County re-ups with Homeboy
July 13, 2011
Nine months after Los Angeles County stepped in to help keep the doors open at Homeboy Industries, its contract for re-entry services has been extended, preserving a key source of job training for gang-affiliated probationers and parolees.
The Board of Supervisors on Tuesday voted to renew the county’s $1.3 million agreement with Homeboy, which originally had been approved as a 9-month pilot project.
The public money will pay for 12 more months of job training, tattoo removal, legal counseling and other services for more than 600 county probationers and parolees between the ages of 14 and 30. It also will continue to fund 20 to 30 revolving job trainee positions at Homeboy businesses, along with an ongoing outside evaluation of the program’s effectiveness.
Although the final evaluation of the joint venture’s first nine months won’t be complete until August, the social scientists conducting it say Homeboy’s success rate appears to be strikingly higher than the national average.
UCLA adjunct professor Jorja Leap said preliminary data shows approximately 80% of the county-funded trainees to be either fully employed or still enrolled in the Homeboy program at the end of the initial 9-month contract, with only about 10% back behind bars. The national rate of re-incarceration among gang members is about seven times higher than that, Leap says.
“This is all very cautionary and short term, and with the contract renewed, we’ll be able to learn even more,” she says. But if the numbers hold up, “it’s absolutely phenomenal.”
Founded in 1992 by the Rev. Greg Boyle, a Jesuit priest, Homeboy Industries is the nation’s largest gang intervention program. Operating under the slogan, “Nothing stops a bullet like a job,” the organization operates a bakery, two cafes, a silk screening and embroidery shop and a janitorial company, among other endeavors.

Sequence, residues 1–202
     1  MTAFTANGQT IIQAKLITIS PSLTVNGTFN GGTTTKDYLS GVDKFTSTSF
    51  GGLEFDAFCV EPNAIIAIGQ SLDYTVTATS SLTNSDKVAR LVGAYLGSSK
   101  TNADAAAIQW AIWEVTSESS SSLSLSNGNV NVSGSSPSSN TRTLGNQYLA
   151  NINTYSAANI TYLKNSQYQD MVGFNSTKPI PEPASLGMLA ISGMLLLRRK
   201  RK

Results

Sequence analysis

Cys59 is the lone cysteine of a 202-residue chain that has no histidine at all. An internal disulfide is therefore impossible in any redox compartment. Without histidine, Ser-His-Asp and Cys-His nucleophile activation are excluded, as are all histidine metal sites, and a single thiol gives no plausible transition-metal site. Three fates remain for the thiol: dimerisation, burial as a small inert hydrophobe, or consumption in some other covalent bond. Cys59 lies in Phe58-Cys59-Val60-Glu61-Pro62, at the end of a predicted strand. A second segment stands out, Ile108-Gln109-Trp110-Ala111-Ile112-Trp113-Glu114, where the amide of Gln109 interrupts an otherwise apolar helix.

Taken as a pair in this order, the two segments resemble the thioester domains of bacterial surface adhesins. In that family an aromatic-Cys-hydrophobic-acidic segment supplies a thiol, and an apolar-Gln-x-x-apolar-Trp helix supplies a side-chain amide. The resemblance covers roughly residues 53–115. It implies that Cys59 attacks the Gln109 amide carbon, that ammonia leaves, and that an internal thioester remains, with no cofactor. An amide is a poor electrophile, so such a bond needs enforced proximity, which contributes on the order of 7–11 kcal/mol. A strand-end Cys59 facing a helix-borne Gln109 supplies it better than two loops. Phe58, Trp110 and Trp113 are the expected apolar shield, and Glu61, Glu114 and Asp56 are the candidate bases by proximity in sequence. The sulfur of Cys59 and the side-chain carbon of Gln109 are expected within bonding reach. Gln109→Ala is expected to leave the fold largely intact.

The organization also is known for its tattoo removal program—a prosaic but potentially life-altering service that annually eliminates a crucial job impediment for thousands of repentant gang members. Boyle has said Homeboy’s job training, educational, legal and mental health services help some 12,000 at-risk youths and young adults every year.
Boyle has noted that Homeboy has served for years as the county’s unofficial—and largely un-reimbursed—“after-care and re-entry program for gang members.” According to Leap’s preliminary numbers, Homeboy’s client base is overwhelmingly, if not entirely, made up of county probationers and parolees who came to Homeboy on their own initiative.
The county also runs various re-entry programs for ex-inmates, but the demand for help far outstrips the supply, says Cal Remington, chief deputy of the county’s Department of Probation. So when a financial shortfall last year forced the organization to lay off hundreds of staffers, Homeboy turned to the county as a natural ally.
“This is really a public safety issue for the county,” says Homeboy’s Chief Operating Officer Veronica Vargas. “You can’t expect someone who has never held a job to walk back into society and know how to get hired.”
Remington calls Homeboy “a good resource,” particularly in light of the state’s desire to shift responsibility to the county for thousands of non-violent parolees, who “still tend to need a lot of resources wrapped around them…Homeboy is legitimate, and has credibility in the community, so I think they could have a real role to play.”